What Jesus is talking about here may fall much closer to home than we are comfortable hearing.  I’m sure you can think of examples of children who have fallen away from the faith…  yet, parents don’t speak about it, even to each other, for the sake of family unity.  It’s difficult, who wants family gatherings to become a battle ground.  Who wants to ruin the all too brief visits with arguments?  And yet, that is exactly what Jesus is talking about.  Holding God over family unity can feel very much like hating your family. 
In Matthew’s Gospel, Jesus speaks this idea just a little bit differently. 
Whoever loves father or mother more than me is not worthy of me, and whoever loves son or daughter more than me is not worthy of me. (Matthew 10:37, ESV)
It isn’t easy.  It is a cross to bear, so to speak.  And Jesus knows that it’s not easy.  He didn’t say, “Take up your Lazy Boy and follow me.” He said “carry your cross.” 
This is a very powerful image.  In Jesus time especially, the person who carried a cross was the one who was going to die on it.  It was a part of the execution itself.  Humiliation, defeat, painful, bloody death, dealt out with cruel indifference.  To bear a cross meant all of these things.  Jesus is saying to us today… the Christian life a life of cross bearing, and you can’t do it unless He is the most important thing in your life. 
By now we are all saying to ourselves, as we look around us to the ones we love; “The cost is too high.  How can I possibly love God more than my children? to do so feels like hating them.  How can I…”  well remember what Jesus said.  “… anyone who does not carry his cross and follow me cannot be my disciple.”  The cross Jesus is asking you to bear is more than just keeping the first commandment.  The cross Jesus is asking you to bear isn’t just suffering sickness, or family dis-unity.  The cross Jesus is asking you to bear is his cross.  And he expects you to carry it to your death, just as he did.  “I can’t do that!” You say.  Yes, you can.  As matter of fact you’ve very likely done it already. 
And what’s more we’ve seen it happen right here in this place, right before our eyes.  Right here little children have carried their crosses to their death. 
“We died to sin; how can we live in it any longer? Or don't you know that all of us who were baptized into Christ Jesus were baptized into his death? We were therefore buried with him through baptism into death in order that, just as Christ was raised from the dead through the glory of the Father, we too may live a new life.” 
The promise of God there is this.  The sin in your life, the things that you put before God, I have done something about.  I have killed you.  I have raised you.  You are my precious child.  Just as I killed my own Beloved Son, just as I raised my own Beloved Son, this baptism is my promise to you that I have done all this for you.  Go now live your life bearing your cross.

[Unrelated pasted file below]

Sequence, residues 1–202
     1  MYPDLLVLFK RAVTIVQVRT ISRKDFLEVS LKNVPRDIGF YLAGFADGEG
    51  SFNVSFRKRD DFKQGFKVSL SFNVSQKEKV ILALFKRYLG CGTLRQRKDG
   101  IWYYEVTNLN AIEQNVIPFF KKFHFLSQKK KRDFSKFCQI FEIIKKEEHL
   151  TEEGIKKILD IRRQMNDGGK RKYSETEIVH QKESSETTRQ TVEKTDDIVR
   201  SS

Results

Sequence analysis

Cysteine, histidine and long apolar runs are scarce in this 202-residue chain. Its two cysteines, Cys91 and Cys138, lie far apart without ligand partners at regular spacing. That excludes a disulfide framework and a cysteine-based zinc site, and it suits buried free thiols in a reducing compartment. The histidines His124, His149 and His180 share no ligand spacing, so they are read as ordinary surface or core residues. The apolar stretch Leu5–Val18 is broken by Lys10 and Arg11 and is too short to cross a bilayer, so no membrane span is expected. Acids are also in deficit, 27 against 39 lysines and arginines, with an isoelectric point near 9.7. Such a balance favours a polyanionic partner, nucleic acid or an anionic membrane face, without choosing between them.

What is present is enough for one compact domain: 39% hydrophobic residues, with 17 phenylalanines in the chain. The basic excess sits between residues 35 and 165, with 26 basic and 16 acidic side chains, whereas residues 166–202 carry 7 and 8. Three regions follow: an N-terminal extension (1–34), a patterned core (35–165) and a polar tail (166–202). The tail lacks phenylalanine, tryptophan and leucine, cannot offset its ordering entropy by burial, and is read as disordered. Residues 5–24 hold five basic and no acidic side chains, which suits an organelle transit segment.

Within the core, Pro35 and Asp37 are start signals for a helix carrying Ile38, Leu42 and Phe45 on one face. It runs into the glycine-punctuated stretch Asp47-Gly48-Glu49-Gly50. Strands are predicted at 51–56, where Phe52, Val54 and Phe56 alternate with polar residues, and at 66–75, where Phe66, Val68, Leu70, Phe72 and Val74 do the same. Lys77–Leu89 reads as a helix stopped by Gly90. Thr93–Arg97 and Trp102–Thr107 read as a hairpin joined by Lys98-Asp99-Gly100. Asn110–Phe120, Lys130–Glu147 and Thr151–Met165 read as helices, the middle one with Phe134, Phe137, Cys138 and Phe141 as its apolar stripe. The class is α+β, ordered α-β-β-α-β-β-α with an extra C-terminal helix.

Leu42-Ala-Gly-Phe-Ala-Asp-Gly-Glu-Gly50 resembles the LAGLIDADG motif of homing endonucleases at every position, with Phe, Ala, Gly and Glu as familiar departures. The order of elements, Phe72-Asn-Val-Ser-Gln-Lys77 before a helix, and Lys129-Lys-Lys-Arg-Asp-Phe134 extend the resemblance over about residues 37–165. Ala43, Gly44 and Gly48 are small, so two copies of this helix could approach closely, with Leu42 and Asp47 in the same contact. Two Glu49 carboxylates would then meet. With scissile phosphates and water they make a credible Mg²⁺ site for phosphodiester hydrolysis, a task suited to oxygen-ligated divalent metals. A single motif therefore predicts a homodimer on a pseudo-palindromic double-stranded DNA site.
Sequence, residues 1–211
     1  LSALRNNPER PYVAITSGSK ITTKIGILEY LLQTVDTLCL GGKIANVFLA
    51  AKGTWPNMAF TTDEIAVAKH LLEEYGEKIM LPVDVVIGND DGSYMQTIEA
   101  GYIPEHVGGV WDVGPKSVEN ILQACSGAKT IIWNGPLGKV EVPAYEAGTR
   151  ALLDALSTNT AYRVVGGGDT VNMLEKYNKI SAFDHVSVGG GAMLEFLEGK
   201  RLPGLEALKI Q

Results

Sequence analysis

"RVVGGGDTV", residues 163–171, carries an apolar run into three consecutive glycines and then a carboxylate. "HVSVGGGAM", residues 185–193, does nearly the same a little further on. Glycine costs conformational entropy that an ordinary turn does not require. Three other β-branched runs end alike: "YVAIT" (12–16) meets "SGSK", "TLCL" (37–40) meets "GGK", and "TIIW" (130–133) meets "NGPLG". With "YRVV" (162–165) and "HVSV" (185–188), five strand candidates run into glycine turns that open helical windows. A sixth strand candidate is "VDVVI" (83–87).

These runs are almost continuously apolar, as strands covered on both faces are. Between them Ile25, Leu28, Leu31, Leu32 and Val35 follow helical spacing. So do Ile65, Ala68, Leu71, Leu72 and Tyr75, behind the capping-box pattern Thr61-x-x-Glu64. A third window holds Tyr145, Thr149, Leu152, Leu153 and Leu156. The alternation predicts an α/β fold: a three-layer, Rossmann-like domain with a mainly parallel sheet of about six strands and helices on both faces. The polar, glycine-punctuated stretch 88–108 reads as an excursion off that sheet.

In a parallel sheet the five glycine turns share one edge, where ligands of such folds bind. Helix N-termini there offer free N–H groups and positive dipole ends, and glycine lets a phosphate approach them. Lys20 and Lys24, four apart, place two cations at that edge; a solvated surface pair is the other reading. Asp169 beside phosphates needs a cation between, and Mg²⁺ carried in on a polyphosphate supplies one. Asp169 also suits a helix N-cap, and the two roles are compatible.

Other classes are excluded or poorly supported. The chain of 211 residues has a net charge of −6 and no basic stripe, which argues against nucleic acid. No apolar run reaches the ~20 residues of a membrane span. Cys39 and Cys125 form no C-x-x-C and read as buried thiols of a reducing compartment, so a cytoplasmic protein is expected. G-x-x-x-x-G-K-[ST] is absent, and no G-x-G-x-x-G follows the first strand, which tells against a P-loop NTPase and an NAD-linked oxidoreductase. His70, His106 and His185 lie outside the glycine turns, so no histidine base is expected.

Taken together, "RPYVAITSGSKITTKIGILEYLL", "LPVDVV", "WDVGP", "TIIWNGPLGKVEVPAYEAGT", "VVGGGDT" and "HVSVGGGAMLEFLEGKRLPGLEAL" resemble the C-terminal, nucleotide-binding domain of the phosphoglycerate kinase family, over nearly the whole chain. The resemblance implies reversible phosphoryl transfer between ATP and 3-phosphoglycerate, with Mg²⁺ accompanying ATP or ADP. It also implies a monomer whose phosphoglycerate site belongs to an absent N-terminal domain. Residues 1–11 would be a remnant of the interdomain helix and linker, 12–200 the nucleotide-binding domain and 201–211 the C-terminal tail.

A little child that is baptized here isn’t your going to love God all the time.  You don’t love God with your whole heart as you should.  Sometimes you love other people, like a child or parents or a spouse more than God.  That’s because of the sin that is in your life.  At times it pushes God out of first place.  But, that’s why Jesus lived and died for you, because we can’t do what God demands.  But, you see, from the day that you were baptized you bore the cross of Christ.  We make that sign:  “Receive the sign of the cross both upon your forehead and upon your heart to mark you as one redeemed by Christ the Crucified.” Jesus also said it this way:
And he said to all, “If anyone would come after me, let him deny himself and take up his cross daily and follow me. (Luke 9:23, ESV)
That’s one of the reasons why we come to church every week.  To be reminded again and again of Jesus life, death and resurrection for us.  To be reminded that we live as God’s baptized child every day.
So what about the cost?  Well, the cost is still there.  We don’t try to build a building with out knowing how much it’s going to cost.  Jesus is describing what our lives, as God’s beloved baptized children, are going to be like.  It isn’t going to be easy… sometimes we’ll have to confront our children… sometimes there is going to be family disunity…  sometimes our actions are going to feel like, well, like hating them…  we need to know the cost of following Jesus.  He wants us to know what’s coming, so that when it does, we can remember to bear the cross, his cross… and remember what he did there on that cross for us.  He wants us to remember how our Baptism ties his death to our death… how Baptism ties his resurrection to our resurrection.  When we remember that, God will once again be first in our lives.  Amen.
The peace that passes all understanding, keep your hearts and minds in Christ Jesus.  Amen.